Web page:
To be, or not to be checkmated

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hgm
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To be, or not to be checkmated

Post by hgm » Fri Apr 18, 2014 7:43 am

Let me first tell you a true story that will teach us a moral lesson. (It was not really a Chess game, but I re-casted it in Chess terms to make it sound more familiar.)

My engine is playing a human. It is ahead by about +8. But suddenly, in its final iteration, it sees that in the current game position almost all moves get it mated in 5. Only a few moves 'help': first it throws a Bishop in the path of the opponent's Rook battery that is instrumental in delivering the mate (score +5). As it is unprotected, it is of course taken. Then it similarly throws a Rook in the path, which is also taken (score ~0). Now the only option left is a spite check by a QxP Queen sac on the opponent's King fortress (score -8). After that it plays one of the -M5 moves.
Now the opponent does not see the M5, the King can escape to a safer place, and the game lasts 20 more moves. But, starting from -8, this does of course not alter the outcome. Which is quite different from what it would have been when, after the opponent bungled the mate, the engine would still have been at +8.

Moral lesson: engines can be too clever for their own good.

Of course the sensible thing to do would have been to play one of the -M5 moves immediately, and cross your digits praying that he won't see the mate. Making the pointless sacs is about the worst thing you can do, as their obvious (1-ply) refutation is on the path to the mate, so it doesn't make it any more difficult to find the latter. In fact it alerts an opponent that knows engines to the fact that there apparently is a mate that he had not noticed yet! Largest DTM is not always 'best defense'. It can 'invite' the opponent to perform a checkmate he had not seen, performed as a side effect to the obvious opportunities we offer him for material gain, and in addition lose us the game even when he doesn't see it. Which pretty much qualifies as 'worst defense'! The problem is how to prevent this, however.

One of the things that makes it extra tricky is that we start from a +8 score here. In the position after the first two sacs, when the score is about even, it would be comparatively easy to make the decision to switch to 'swindle mode'. Based on the reasoning that in the previous iteration everything still looked OK (score ~0), and in the current iteration the score falls to -8, which is losing anyway, so better play the best move of the previous iteration.

But when the best move just makes your score drop from +8 to +5, it would still be a won game if it stayed at that. So why would you ever take the risk to be mated in 5? Of course the classical horizon effect plays a role here as well. But the bad thing is that even if we could somehow solve that, by extending the 3 pointless sacs by 2 ply each based on some heuristic, so that we would see it would get us mated too, this would still be a -M8 move, and thus preferred over the -M5 move. Material eval no longer plays a role when you are mated, so sacrificing Q+R+B to delay the mate by 3 moves would still seem a good deal to the engine.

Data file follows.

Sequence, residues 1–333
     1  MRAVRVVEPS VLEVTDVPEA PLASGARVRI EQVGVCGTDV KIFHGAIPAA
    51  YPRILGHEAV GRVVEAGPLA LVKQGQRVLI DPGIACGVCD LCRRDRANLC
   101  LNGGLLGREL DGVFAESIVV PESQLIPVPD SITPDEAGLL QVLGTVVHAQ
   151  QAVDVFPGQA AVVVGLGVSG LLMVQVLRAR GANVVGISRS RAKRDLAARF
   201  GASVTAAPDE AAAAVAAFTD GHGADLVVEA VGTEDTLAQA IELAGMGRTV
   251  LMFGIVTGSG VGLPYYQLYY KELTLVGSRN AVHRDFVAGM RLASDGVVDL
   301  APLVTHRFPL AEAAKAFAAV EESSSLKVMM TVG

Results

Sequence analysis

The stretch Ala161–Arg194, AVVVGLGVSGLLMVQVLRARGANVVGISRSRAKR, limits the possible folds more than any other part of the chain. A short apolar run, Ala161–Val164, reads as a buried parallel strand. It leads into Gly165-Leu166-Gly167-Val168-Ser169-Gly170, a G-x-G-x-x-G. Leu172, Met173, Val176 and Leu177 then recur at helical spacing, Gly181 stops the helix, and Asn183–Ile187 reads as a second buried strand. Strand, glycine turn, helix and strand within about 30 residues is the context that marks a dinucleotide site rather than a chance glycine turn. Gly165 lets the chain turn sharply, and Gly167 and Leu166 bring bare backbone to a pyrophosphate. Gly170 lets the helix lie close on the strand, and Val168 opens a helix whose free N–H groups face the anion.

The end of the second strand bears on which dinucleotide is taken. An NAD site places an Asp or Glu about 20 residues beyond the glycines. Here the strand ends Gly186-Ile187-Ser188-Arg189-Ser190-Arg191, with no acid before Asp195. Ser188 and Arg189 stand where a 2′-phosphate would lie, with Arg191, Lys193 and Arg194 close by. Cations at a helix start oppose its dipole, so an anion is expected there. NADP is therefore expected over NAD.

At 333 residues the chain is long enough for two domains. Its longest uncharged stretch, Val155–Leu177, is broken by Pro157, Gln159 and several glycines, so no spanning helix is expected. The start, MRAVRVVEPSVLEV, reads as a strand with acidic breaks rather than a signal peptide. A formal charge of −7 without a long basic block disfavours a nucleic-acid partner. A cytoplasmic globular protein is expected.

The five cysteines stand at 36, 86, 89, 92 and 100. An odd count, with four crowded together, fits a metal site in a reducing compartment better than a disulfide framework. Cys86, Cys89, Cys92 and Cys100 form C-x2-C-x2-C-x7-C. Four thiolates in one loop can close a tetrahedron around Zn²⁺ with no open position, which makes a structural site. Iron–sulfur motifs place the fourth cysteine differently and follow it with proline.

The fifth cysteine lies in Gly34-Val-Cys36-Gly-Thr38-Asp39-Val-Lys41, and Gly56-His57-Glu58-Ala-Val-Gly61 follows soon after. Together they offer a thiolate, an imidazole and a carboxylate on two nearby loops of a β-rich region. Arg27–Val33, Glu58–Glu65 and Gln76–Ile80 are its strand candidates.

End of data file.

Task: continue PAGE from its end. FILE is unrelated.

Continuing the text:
Once it is seen that any move will get you mated, I guess the problem could be solved by weighting in the material in the mate score. E.g. at a rate of 1 Pawn per 2 ply. Then sacrificing a Rook to delay the mate would only be attractive when it delays the mate by more than 10 ply, but not when it delays it by merely 2 ply, like throwing into the path of the mating piece would.

But that still leaves the horizon problem, as this always happens when you for the first time see you will be mated with the normal moves, so that the mate can be pushed over the horizon through delaying sacs. Fortunately such sacs will become PV, and therefore the rest of the PV will be available for analysis. When, in a situation where the best score still is a to-be-mated score, you find a PV that captures in the second move the piece that was moved in the first move, and scores approximately the value of that piece lower than the current eval (or, perhaps better, than the score of the previous iteration or even from two iterations ago), there is every reason to become suspicious. It really looks then like the only thing achieved by the move was reducing the depth of the search of what follows to a value that we know from previous iterations to be inadequate. This suspicion might then be reason to award a 2-ply extension to the suspect move.